• White River. Flowing through Southern Indiana, the White River offers great fishing for Bass and Catfish. It’s also a beautiful place to spend a day or more since camping is great here. 
  • Lake Maxinkuckee. Indiana’s second-largest lake shines in the winter for ice fishing enthusiasts. Close to Culver for convenience but surrounded by nature for that getaway feel, Lake Maxinkuckee is a must-try for anyone looking to drill a hole and just chill.

When to Go Fishing in Indiana

Timing is everything when it comes to fishing in Indiana. Knowing when to hit the water can be the difference between a good day and a great day. 

A view along a shoreline of the White River in Indiana at sunset, with fall colors dominating among the trees on the right of the image

As the ice melts and the waters warm, Indiana’s fish get serious spring fever. This is prime time for Bass lovers to hit spots like Monroe Lake and Patoka Lake, where Largemouth and Smallmouth start moving shallow for spawning. Crappie also get in on the action, making Morse Reservoir and Brookville Lake hotspots for anglers, too. And let’s not forget the Walleye run in the Tippecanoe River, a real treat for those in the know.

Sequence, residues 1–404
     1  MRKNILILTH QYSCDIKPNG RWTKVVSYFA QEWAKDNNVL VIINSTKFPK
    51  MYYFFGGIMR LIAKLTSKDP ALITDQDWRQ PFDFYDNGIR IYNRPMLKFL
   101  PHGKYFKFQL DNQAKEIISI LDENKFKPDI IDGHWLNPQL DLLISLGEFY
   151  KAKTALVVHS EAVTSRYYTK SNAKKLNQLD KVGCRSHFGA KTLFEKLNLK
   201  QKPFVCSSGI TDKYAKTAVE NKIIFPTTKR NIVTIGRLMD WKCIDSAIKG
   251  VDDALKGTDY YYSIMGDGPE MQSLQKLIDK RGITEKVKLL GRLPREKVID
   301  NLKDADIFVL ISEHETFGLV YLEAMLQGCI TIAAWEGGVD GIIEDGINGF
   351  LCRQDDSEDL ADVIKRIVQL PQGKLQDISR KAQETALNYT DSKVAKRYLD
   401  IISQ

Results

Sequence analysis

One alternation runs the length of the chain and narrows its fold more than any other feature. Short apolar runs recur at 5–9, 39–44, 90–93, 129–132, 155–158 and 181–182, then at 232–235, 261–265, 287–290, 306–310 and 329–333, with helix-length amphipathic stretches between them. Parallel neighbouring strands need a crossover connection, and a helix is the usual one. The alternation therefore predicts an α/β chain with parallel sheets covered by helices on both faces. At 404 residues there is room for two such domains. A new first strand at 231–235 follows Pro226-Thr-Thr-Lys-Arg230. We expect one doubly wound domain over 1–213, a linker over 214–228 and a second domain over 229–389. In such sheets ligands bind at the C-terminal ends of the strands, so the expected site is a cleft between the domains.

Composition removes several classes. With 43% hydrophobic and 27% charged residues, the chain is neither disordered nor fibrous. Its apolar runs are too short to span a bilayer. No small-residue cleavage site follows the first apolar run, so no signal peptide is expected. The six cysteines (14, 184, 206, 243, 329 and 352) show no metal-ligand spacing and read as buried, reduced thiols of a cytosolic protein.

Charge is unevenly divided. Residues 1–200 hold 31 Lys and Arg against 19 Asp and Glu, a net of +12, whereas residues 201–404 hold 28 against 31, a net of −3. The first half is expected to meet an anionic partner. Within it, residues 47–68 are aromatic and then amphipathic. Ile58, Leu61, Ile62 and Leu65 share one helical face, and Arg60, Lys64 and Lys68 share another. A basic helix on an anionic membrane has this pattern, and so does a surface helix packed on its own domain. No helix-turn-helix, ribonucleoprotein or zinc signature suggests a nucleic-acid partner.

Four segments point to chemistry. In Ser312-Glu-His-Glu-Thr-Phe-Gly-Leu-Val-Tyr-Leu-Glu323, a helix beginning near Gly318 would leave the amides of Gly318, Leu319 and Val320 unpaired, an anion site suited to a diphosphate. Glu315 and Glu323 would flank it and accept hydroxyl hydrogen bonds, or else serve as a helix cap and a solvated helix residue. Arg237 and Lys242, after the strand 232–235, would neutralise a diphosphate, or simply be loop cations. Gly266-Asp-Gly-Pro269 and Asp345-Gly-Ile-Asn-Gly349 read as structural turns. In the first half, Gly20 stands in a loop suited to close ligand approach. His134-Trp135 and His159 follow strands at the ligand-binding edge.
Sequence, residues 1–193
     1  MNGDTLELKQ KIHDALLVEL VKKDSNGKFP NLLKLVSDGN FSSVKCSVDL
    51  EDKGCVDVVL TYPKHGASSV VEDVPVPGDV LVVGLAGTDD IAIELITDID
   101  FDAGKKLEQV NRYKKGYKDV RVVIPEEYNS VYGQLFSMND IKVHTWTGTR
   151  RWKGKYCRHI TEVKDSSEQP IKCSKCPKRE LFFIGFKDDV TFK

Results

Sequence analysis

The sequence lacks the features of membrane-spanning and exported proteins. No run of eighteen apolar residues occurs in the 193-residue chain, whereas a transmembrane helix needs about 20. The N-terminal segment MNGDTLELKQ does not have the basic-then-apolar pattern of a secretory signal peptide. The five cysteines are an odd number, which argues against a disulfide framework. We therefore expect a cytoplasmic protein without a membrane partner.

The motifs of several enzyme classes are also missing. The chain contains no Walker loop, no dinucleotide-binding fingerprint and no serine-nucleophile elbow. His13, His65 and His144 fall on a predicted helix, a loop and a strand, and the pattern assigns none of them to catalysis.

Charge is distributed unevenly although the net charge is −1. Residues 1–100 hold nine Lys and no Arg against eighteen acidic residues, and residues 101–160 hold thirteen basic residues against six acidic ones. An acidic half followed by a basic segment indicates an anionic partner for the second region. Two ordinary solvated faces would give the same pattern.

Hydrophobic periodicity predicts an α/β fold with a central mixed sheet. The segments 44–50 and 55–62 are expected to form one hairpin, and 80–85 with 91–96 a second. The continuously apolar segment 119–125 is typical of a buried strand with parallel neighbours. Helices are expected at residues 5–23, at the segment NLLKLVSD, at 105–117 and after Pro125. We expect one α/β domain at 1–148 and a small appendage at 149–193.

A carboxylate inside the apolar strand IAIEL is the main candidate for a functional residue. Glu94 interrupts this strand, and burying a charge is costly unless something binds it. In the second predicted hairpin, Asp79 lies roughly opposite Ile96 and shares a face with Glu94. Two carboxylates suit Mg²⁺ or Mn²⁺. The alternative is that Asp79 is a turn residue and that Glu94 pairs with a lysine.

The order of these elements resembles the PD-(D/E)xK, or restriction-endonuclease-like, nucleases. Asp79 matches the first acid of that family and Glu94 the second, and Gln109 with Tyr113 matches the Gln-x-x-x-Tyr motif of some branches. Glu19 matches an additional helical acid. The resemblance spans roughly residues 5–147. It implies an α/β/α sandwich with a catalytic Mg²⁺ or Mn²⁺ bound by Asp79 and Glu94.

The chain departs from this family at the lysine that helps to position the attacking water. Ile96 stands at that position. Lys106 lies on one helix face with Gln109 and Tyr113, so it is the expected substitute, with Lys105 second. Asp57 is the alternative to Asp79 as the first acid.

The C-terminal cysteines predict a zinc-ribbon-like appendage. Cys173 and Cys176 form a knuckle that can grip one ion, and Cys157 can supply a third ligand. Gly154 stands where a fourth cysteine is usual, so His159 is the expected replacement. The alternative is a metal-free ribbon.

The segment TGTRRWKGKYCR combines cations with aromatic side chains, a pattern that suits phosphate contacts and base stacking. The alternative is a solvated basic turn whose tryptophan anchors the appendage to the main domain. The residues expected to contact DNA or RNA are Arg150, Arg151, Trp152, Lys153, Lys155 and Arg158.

Summer fishing in Indiana means long days, warm nights, and fish that are ready to feed. Bluegill and Redear Sunfish become the stars of the show, especially in family-friendly spots like Wolf Lake and the lakes of Hoosier National Forest. For more adventurous anglers, night fishing for Catfish on the White River can make for some exciting stories.

Indiana’s fishing scene heats up even more in fall. This is the time for trophy hunting, as cooler temperatures bring big Bass back into the shallows at lakes like Monroe and Morse. Walleye and Northern Pike also become more active, and, for Trout enthusiasts, fall stocking in streams like Brookville Tailwater means that fly fishing is fantastic.

But it doesn’t end there. Ice fishing takes center stage in the Hoosier State come winter. Lake Maxinkuckee and Lake Wawasee become icy playgrounds for anglers targeting Bluegill and Perch. Just make sure to check the thickness before you venture out. 

Indiana Fishing Tournaments